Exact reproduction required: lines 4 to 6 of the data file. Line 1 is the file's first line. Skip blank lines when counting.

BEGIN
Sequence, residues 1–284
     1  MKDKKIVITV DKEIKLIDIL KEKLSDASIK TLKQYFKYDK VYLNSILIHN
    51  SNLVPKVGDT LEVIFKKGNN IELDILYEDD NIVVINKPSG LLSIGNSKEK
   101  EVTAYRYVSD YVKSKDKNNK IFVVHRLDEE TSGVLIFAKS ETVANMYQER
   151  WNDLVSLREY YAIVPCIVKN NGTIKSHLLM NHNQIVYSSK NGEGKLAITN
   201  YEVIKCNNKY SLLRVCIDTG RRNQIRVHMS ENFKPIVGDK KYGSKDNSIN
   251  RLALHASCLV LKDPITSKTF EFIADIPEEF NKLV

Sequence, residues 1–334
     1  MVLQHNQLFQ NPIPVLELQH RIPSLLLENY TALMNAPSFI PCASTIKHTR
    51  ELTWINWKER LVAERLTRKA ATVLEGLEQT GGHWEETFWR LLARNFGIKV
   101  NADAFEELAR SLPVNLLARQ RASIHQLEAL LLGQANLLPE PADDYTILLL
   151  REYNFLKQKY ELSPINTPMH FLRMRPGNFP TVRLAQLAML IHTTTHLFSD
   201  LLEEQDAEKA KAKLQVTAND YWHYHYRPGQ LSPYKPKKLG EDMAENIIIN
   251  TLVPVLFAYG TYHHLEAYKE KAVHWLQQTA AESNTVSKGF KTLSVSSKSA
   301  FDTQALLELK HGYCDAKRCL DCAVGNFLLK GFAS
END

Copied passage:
   101  EVTAYRYVSD YVKSKDKNNK IFVVHRLDEE TSGVLIFAKS ETVANMYQER
   151  WNDLVSLREY YAIVPCIVKN NGTIKSHLLM NHNQIVYSSK NGEGKLAITN
   201  YEVIKCNNKY SLLRVCIDTG RRNQIRVHMS ENFKPIVGDK KYGSKDNSIN